Meredith Claire Broadway (World Bank) has written a post for the Library of Congress blog, The Signal, reporting on the IEEE Conference on Big Data 2016, focusing specifically on Computational Archival Science (CAS).
The assembly agreed that CAS differs enough from the traditional Library and Information Science and Archival tracks, in both the United States and Canada, that it qualifies as a new area of study.
CAS differs from the LIS and Archival fields in large part due to its technology-centric nature. “Hard” technical skills take more than two years (the usual time it takes to complete an LIS master’s program) to develop, a fact I can personally attest to as a former LIS student and R beginner. It makes sense, then, that for CAS students to receive a robust education they should have a unique curriculum.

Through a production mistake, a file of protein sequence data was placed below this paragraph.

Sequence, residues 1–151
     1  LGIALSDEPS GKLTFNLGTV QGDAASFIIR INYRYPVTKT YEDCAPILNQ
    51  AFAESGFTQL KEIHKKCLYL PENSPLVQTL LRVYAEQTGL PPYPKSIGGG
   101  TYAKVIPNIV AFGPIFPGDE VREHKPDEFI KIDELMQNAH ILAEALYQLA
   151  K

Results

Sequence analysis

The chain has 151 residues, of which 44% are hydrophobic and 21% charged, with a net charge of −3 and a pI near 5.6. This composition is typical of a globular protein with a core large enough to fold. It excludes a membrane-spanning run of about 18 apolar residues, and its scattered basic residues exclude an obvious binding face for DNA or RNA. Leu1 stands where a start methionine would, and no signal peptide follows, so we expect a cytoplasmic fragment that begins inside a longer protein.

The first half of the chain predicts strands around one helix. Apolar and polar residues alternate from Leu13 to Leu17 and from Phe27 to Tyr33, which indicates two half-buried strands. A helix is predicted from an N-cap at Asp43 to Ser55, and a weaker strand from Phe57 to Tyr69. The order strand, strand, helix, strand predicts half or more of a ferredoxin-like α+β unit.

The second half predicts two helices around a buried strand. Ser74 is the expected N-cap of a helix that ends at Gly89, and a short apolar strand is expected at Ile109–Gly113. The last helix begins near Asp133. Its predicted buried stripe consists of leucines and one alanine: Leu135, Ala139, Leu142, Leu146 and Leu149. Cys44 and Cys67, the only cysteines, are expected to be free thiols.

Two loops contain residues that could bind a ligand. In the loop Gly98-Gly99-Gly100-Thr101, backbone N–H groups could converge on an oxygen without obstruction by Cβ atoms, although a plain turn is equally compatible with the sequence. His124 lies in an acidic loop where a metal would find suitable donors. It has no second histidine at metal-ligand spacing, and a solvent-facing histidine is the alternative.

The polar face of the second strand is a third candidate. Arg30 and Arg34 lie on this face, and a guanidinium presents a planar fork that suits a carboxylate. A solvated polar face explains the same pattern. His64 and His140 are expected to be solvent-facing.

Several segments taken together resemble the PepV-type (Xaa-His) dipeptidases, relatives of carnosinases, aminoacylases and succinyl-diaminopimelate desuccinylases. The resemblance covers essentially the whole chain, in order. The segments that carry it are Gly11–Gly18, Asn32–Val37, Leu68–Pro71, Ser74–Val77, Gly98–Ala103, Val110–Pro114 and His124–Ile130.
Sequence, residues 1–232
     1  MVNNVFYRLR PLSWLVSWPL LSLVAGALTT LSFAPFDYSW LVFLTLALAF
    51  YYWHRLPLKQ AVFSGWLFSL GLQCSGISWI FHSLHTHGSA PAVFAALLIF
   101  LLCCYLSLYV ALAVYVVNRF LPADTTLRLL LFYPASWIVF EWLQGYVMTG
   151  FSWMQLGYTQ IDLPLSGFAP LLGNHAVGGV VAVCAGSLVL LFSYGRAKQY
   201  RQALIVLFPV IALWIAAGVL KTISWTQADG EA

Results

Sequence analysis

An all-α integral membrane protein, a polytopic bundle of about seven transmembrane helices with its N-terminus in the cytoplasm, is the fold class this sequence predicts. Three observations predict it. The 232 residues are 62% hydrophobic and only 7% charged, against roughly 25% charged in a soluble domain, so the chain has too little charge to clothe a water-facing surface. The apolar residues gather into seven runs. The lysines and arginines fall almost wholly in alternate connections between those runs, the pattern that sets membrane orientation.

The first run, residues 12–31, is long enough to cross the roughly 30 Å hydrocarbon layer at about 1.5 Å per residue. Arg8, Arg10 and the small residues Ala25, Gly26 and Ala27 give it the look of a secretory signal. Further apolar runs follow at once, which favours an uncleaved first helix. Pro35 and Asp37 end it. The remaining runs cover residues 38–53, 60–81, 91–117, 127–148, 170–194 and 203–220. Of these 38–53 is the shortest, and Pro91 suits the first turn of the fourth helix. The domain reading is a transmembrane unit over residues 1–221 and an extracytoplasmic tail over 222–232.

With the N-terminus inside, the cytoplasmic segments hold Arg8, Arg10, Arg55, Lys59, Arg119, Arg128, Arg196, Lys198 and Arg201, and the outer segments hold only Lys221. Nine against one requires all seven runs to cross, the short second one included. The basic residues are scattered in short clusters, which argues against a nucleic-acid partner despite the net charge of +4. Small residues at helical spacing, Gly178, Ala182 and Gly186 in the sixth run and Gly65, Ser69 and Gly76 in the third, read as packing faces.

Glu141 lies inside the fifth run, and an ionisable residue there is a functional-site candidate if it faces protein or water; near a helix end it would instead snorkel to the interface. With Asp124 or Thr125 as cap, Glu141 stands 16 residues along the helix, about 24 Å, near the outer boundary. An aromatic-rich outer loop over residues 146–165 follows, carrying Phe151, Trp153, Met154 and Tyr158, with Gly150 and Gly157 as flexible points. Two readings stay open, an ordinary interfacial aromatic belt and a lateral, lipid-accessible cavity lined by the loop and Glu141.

If CAS, LIS and the Archival Science fields merge, there’s an assumption that they will run the risk of taking an “inch-deep, mile-wide” approach to studies. Our assembly agreed that, in this case, “less is more” if it allows students to cultivate fully developed skills.
Broadway closes her post by encouraging practitioners to facilitate a conversation about the future of the Computation Archival Science field as it continues to evolve.
This post was produced through a cooperation between Brian Burns, Kevin Gunn, Allyssa Guzman, Alix Keener, Stephen Lingrell, Lorena O'English, Katherine Philbin, and Allison Ringness. (Editors-at-large for the week), Patrick Williams (Editor for the week), and Caitlin Christian-Lamb, Caro Pinto, and Roxanne Shirazi (dh+lib Review Editors).